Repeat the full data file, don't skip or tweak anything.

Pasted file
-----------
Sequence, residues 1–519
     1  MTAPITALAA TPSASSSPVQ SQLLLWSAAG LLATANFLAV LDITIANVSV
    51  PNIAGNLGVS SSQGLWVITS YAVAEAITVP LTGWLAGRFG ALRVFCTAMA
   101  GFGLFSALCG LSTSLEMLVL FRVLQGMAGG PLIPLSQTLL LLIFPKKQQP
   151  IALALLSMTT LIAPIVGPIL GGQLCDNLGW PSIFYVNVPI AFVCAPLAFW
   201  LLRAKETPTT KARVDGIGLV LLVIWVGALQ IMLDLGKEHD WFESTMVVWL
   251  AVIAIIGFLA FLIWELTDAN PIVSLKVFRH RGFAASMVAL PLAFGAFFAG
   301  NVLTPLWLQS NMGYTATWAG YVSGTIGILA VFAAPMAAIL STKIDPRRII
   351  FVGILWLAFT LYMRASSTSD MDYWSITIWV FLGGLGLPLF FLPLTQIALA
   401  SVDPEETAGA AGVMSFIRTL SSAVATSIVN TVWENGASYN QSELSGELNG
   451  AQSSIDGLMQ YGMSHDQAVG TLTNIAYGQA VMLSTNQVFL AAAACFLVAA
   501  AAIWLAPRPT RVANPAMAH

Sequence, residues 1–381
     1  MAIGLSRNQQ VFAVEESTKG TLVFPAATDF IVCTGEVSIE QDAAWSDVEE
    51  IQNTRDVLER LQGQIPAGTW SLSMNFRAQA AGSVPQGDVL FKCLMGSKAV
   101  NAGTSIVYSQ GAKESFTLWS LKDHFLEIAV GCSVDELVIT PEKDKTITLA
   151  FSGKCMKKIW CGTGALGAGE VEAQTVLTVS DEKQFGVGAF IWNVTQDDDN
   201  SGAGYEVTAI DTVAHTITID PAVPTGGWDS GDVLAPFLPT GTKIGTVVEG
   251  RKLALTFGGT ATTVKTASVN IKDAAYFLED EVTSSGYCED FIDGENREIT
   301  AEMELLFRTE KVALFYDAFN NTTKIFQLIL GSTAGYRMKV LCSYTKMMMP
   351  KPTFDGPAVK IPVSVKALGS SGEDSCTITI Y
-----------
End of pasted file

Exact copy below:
Sequence, residues 1–519
     1  MTAPITALAA TPSASSSPVQ SQLLLWSAAG LLATANFLAV LDITIANVSV
    51  PNIAGNLGVS SSQGLWVITS YAVAEAITVP LTGWLAGRFG ALRVFCTAMA
   101  GFGLFSALCG LSTSLEMLVL FRVLQGMAGG PLIPLSQTLL LLIFPKKQQP
   151  IALALLSMTT LIAPIVGPIL GGQLCDNLGW PSIFYVNVPI AFVCAPLAFW
   201  LLRAKETPTT KARVDGIGLV LLVIWVGALQ IMLDLGKEHD WFESTMVVWL
   251  AVIAIIGFLA FLIWELTDAN PIVSLKVFRH RGFAASMVAL PLAFGAFFAG
   301  NVLTPLWLQS NMGYTATWAG YVSGTIGILA VFAAPMAAIL STKIDPRRII
   351  FVGILWLAFT LYMRASSTSD MDYWSITIWV FLGGLGLPLF FLPLTQIALA
   401  SVDPEETAGA AGVMSFIRTL SSAVATSIVN TVWENGASYN QSELSGELNG
   451  AQSSIDGLMQ YGMSHDQAVG TLTNIAYGQA VMLSTNQVFL AAAACFLVAA
   501  AAIWLAPRPT RVANPAMAH

Sequence, residues 1–381
     1  MAIGLSRNQQ VFAVEESTKG TLVFPAATDF IVCTGEVSIE QDAAWSDVEE
    51  IQNTRDVLER LQGQIPAGTW SLSMNFRAQA AGSVPQGDVL FKCLMGSKAV
   101  NAGTSIVYSQ GAKESFTLWS LKDHFLEIAV GCSVDELVIT PEKDKTITLA
   151  FSGKCMKKIW CGTGALGAGE VEAQTVLTVS DEKQFGVGAF IWNVTQDDDN
   201  SGAGYEVTAI DTVAHTITID PAVPTGGWDS GDVLAPFLPT GTKIGTVVEG
   251  RKLALTFGGT ATTVKTASVN IKDAAYFLED EVTSSGYCED FIDGENREIT
   301  AEMELLFRTE KVALFYDAFN NTTKIFQLIL GSTAGYRMKV LCSYTKMMMP
   351  KPTFDGPAVK IPVSVKALGS SGEDSCTITI Y